Review by Andy Saunders
[This BMW R90S book review was originally published in the July 2006 issue of Rider magazine]
Some motorcycles are instant icons: Triumph’s 1937 Speed Twin, Kawasaki’s 1973 Z1, Ducati’s 1993 916, and, of course, BMW’s mid-’70S R90S. It’s one of the few ’70S motorcycles that still looks handsome today (remember the Ducati 860, the first Gold Wing, the Suzuki RE5?).
Thirty years on, and you might be surprised that there’s a new book about the R90S. The reason? Just as the R90S was more than a mere motorcycle, this book is about more than just the bike.
Where to start, when you’re writing the history of one model produced only for three model years, 1974-’76? Why not at the very beginning? Ian Falloon does that, to explain its origins in detail, going back to 1915, eight years before the first BMW boxer motorcycle. And it’s complete with excellent pictures.
That’s the other thing that sets this book apart: BMW Mobile Tradition, the historical division of BMW, has co-operated fully with Falloon, supplying a great number of historical pictures from 30 years ago (yes, it was really that long ago).
Normally, I’m totally bored by the relentless march of details while reading books about motorcycles I don’t own. I really don’t care how wide the valve guides are, or how thick the wrist pins. Want to read that kind of material? Invest in a parts book—it’s much more useful, and at least you’ll know the part numbers when you have to order them. But somehow Falloon engages the reader’s interest, linking the progression of parts with the bigger story of the bike. With more than 20 previous motorcycle books under his belt, he knows how to keep the story moving along. A welcome talent.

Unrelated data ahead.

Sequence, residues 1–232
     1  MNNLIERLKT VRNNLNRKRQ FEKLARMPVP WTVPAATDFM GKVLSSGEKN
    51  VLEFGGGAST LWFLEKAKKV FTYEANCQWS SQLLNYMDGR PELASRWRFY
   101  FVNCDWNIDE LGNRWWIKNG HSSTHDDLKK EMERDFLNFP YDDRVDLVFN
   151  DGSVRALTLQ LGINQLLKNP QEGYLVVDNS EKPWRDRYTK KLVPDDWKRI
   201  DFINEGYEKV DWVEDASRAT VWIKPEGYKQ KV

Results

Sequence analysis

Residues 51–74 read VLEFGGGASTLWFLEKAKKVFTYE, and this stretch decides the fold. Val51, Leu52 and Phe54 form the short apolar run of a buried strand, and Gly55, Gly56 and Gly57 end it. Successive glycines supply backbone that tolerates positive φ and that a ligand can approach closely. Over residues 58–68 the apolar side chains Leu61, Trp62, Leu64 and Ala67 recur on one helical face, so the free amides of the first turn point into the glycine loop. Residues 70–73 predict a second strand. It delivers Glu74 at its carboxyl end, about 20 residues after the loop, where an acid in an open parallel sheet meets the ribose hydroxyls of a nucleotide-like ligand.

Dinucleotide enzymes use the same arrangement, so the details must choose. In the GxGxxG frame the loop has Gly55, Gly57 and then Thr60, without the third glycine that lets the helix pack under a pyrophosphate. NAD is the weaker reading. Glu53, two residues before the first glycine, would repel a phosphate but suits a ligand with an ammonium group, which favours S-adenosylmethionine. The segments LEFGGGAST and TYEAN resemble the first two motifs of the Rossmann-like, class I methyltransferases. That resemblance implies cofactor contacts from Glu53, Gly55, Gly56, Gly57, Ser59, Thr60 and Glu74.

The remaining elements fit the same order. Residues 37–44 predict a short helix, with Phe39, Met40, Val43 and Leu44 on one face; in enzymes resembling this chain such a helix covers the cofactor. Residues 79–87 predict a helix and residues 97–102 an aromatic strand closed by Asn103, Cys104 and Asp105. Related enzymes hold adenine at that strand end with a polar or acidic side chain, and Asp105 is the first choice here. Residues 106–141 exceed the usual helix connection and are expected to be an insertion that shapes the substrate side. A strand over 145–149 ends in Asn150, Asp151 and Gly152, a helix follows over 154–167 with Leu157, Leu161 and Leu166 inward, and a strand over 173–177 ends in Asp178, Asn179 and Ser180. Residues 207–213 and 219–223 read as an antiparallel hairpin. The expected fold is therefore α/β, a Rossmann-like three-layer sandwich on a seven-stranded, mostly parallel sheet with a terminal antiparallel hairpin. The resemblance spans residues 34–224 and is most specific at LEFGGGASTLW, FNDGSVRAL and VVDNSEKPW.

Niggles? Quite a few typos, suggesting hurried review of the manuscript, and one wrongly captioned picture in the introduction that had me questioning the credibility of the book from the start (every later picture caption appeared to be correct, re-establishing trust).
Who will want this book? For anyone thinking about buying a BMW R90S, it’s a must-have. For anyone interested in the history of BMW motorcycles, ditto. And anyone interested in the race history of BMW (the first Superbike champion), this book includes a well-researched chapter. It was race victories, and that bright-orange paint, that launched the R90S to new sales records in the United States. Was that really 30 years ago?
For more information: BMW R90S by Ian Falloon, 128 pages, color illustrations, hardbound, $24.95 from Whitehorse Press, 107 East Conway Road, Center Conway, New Hampshire 03813-4012; (800) 531-1133; www.whitehorsepress.com